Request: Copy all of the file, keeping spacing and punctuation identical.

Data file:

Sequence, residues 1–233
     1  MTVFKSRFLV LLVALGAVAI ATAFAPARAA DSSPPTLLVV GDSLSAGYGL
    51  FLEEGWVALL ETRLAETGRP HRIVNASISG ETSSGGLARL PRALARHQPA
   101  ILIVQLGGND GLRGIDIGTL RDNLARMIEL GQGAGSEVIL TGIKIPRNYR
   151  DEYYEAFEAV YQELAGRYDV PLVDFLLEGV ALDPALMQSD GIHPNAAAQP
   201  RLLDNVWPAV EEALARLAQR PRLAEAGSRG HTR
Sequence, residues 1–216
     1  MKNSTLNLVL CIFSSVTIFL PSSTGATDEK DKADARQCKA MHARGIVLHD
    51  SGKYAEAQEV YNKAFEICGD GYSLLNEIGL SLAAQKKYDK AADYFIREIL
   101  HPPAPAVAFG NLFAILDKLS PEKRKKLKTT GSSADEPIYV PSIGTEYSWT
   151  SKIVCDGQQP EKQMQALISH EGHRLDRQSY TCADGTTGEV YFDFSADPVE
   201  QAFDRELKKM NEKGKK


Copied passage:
Sequence, residues 1–233
     1  MTVFKSRFLV LLVALGAVAI ATAFAPARAA DSSPPTLLVV GDSLSAGYGL
    51  FLEEGWVALL ETRLAETGRP HRIVNASISG ETSSGGLARL PRALARHQPA
   101  ILIVQLGGND GLRGIDIGTL RDNLARMIEL GQGAGSEVIL TGIKIPRNYR
   151  DEYYEAFEAV YQELAGRYDV PLVDFLLEGV ALDPALMQSD GIHPNAAAQP
   201  RLLDNVWPAV EEALARLAQR PRLAEAGSRG HTR
Sequence, residues 1–216
     1  MKNSTLNLVL CIFSSVTIFL PSSTGATDEK DKADARQCKA MHARGIVLHD
    51  SGKYAEAQEV YNKAFEICGD GYSLLNEIGL SLAAQKKYDK AADYFIREIL
   101  HPPAPAVAFG NLFAILDKLS PEKRKKLKTT GSSADEPIYV PSIGTEYSWT
   151  SKIVCDGQQP EKQMQALISH EGHRLDRQSY TCADGTTGEV YFDFSADPVE
   201  QAFDRELKKM NEKGKK